Miss Terry Shopper

Miss Terry Shopper and the Coles Debacle

Coles Online

If your online business had an Internet shopping blunder, how would you handle it?

It was late Monday night and I was sitting on the couch entertaining myself with my smart phone.  By ‘entertaining’ I mean a good Facebook stalk of my friends. It was at this point that two status updates caught my eye.

“Loving Coles Online; 4 slabs of coopers sparkling ales for $69 delivered”

“$135 for 4 slabs of James Squire golden ale and 4 slabs of Coopers Sparkling from Coles Online. Winner!”

I thought that I was missing out on some amazing promotion – but as I am not a beer drinker, I logged off Facebook and immediately forgot about it.

It wasn’t until yesterday when I was back on Facebook (I swear I am not an addict, okay maybe I am, just a little bit) and I found these same friends moaning about Coles Online backing out of these specials.

Apparently some customers received phone calls and others received emails explaining the situation.

“Two beer lines were inadvertently listed with the wrong price on our Coles Online website yesterday.  Unfortunately we will not be able to supply these lines at the earlier incorrect prices, and the correct price for these lines is now displayed on the website.”

Coles Online customers are in an uproar and Coles Online employees are working overtime to try and fix the error.

Take the time to think, what would you do if this happened in your online business. Would you act in the same manner as Coles Online and infuriate your customer by blatantly saying ‘no’ to a promotion that was your error?

How about the New Zealand Dick Smith site that was giving away the goods and customers only had to pay a small shipping fee. They apologised via twitter, but also did not honour the blunder.

Or would you follow in the footsteps of Ruslan Kogan who had an online blunder earlier this year which saw customers walk away with products well below cost price, to which he said “we believe the bug in our website was entirely our responsibility and as a result will be honouring every single purchase”.

Miss Terry Shopper

Article by

"The ghost who types"... Many wonder who Miss Terry Shopper is... Some swear to have seen her in the flesh... others say she's a disturbed bald man posing behind a keyboard... no matter what you believe, her calling is clear. Miss Terry Shopper IS scouring the web 24/7 - determined to unveil the good, the bad and the outright bizarre of online retail practices.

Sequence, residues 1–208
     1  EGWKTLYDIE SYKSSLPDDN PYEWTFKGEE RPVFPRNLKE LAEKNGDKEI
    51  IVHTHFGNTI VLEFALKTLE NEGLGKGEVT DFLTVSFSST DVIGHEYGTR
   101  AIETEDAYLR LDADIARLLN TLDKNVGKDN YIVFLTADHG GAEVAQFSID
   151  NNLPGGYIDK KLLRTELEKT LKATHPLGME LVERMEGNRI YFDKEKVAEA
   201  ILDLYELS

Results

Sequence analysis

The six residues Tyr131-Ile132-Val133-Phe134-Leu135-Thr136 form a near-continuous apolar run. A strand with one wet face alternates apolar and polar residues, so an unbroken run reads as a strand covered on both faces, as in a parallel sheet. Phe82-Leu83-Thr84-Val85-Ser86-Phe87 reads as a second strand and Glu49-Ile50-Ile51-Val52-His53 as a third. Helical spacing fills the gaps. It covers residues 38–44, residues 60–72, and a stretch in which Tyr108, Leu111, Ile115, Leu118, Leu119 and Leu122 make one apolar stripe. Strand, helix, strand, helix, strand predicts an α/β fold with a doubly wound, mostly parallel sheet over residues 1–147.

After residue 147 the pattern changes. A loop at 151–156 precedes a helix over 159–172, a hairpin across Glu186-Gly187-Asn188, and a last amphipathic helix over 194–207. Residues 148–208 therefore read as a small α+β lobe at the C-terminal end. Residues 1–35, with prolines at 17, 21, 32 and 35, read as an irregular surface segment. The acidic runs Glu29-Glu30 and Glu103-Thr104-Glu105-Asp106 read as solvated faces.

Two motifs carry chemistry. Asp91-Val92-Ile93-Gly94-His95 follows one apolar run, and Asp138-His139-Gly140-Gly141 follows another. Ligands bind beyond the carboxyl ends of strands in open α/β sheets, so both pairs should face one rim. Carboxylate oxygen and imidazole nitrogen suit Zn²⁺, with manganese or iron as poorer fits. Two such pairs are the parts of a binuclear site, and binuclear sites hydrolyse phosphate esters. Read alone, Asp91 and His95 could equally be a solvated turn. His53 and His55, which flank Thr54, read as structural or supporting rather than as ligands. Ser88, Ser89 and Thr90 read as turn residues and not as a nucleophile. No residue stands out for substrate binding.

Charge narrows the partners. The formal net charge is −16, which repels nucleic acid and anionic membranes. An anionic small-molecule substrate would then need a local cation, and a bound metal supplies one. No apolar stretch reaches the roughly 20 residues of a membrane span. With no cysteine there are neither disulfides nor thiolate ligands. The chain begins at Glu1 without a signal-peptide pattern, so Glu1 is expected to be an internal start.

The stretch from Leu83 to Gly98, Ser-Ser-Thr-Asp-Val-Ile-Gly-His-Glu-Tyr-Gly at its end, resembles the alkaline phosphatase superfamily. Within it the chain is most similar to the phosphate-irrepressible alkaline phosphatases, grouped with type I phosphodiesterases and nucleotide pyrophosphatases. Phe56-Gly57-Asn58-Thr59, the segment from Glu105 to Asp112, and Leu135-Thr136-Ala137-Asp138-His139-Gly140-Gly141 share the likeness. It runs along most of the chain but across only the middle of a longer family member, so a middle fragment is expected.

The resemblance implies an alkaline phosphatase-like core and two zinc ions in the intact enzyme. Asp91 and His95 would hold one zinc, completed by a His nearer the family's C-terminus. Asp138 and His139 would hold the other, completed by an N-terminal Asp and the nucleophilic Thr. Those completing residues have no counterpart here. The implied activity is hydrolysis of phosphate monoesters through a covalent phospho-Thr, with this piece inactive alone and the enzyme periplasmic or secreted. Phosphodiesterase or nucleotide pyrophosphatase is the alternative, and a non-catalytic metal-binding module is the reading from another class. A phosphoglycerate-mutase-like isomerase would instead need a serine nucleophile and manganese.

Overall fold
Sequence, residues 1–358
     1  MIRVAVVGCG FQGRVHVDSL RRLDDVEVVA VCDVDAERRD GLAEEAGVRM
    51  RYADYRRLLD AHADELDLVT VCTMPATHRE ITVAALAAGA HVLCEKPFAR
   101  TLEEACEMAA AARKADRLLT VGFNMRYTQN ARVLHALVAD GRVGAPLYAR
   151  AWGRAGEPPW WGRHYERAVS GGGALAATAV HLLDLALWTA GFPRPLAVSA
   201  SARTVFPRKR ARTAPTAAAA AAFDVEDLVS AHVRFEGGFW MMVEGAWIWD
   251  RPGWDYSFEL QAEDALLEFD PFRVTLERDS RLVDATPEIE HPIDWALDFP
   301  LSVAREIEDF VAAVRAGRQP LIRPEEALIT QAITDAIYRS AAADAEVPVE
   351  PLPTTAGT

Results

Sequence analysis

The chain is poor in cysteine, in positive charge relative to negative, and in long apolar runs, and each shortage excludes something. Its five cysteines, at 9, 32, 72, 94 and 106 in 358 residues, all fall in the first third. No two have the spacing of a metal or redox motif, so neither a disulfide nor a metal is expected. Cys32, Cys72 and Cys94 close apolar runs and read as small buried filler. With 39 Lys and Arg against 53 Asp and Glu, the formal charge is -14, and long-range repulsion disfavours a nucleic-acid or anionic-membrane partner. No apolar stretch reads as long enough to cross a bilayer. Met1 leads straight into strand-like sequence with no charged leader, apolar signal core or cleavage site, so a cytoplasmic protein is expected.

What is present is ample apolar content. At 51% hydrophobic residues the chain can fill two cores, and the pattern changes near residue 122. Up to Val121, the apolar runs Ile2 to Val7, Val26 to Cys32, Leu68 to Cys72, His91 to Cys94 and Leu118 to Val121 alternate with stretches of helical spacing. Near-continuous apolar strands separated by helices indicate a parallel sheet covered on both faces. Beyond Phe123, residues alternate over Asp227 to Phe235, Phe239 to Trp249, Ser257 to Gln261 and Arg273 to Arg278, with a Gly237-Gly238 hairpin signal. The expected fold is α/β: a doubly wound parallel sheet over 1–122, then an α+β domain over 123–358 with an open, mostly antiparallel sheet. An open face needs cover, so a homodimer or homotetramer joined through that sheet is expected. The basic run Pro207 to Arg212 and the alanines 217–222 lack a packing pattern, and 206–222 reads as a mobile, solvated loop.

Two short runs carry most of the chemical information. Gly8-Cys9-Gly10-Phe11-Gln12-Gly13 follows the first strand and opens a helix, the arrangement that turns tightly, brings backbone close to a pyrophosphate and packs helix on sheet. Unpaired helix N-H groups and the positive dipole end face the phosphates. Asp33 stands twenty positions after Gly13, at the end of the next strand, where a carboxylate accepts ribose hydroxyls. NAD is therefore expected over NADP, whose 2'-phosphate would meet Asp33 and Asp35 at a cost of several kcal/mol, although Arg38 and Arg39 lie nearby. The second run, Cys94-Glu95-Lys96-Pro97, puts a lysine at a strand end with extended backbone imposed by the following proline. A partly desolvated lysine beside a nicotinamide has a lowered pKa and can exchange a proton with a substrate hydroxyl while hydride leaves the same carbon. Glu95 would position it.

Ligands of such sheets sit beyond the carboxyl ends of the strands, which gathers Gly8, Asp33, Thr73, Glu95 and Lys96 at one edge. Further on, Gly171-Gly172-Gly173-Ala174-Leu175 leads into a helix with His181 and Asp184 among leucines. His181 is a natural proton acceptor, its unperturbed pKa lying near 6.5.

3 Comments

    • Adrian
    • 16th November

    Interesting- I am pretty sure that the policy in-store if you pull them up on any item that scans incorrectly is to either give to you for the lower price, or to give to you for no charge as a goodwill gesture for the error.

    This has certainly happened to me at Woolworths, I would imagine that Coles woud do the same.

    Seems counter-productive to claw back after the event online when it is their mistake

    Reply
    • Max
    • 16th November

    Coles is emailing customers that this was a “Tuesday evening pricing error”. The most significant missing detail is that this was not a “Tuesday night error” rectified by Coles Online in a timely manner. Coopers Sparkling Ale was advertised on Sunday with the limit of 4 cases per customer. Apart from the potential for this qualifying as bait advertising, at bare minimum Coles should be made to honour their prices which were available for over 2 days! Disgraceful effort, and emailing customers with a lie about it only happening on Tuesday night, makes it even worse. Cop it on the chin Coles and do what any good retailer would.

    Reply
    • Scott
    • 23rd November

    Well, your contrast speaks volumes, doesn’t it? Our brain-dead local retailers try to claw back minimal profits on the basis of a mistake, and end up being complained about left,right and centre on a medium which allows bad news to travel at the speed of light.

    In contrast, Ruslan Kogan understands that customers expect things to work, and for them not to miss out if retailers make errors; in short, he gets the idea that customers will only “love you” if you give them reason to. He might make a short-term loss, but the contrast in the way Kogan dealt with the problem has generated both loyalty from customers and a positive feedback loop – again using the power of the Web.

    The sooner our dinosuarian retailers die out, the better.

    Reply

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